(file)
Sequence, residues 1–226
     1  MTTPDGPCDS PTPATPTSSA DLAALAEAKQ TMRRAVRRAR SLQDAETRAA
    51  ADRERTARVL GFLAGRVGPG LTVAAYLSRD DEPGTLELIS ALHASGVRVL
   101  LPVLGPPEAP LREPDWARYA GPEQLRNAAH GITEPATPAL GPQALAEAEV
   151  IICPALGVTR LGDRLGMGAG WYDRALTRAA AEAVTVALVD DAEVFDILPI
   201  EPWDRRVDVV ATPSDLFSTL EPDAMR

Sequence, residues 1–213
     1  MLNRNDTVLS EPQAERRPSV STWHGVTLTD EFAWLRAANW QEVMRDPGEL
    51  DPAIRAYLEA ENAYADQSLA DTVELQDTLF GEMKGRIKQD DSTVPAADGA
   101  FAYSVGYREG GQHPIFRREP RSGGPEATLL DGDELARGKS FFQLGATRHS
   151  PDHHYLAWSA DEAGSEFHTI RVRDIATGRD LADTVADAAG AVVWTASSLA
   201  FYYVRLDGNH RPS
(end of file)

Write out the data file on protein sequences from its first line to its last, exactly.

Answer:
Sequence, residues 1–226
     1  MTTPDGPCDS PTPATPTSSA DLAALAEAKQ TMRRAVRRAR SLQDAETRAA
    51  ADRERTARVL GFLAGRVGPG LTVAAYLSRD DEPGTLELIS ALHASGVRVL
   101  LPVLGPPEAP LREPDWARYA GPEQLRNAAH GITEPATPAL GPQALAEAEV
   151  IICPALGVTR LGDRLGMGAG WYDRALTRAA AEAVTVALVD DAEVFDILPI
   201  EPWDRRVDVV ATPSDLFSTL EPDAMR

Sequence, residues 1–213
     1  MLNRNDTVLS EPQAERRPSV STWHGVTLTD EFAWLRAANW QEVMRDPGEL
    51  DPAIRAYLEA ENAYADQSLA DTVELQDTLF GEMKGRIKQD DSTVPAADGA
   101  FAYSVGYREG GQHPIFRREP RSGGPEATLL DGDELARGKS FFQLGATRHS
   151  PDHHYLAWSA DEAGSEFHTI RVRDIATGRD LADTVADAAG AVVWTASSLA
   201  FYYVRLDGNH RPS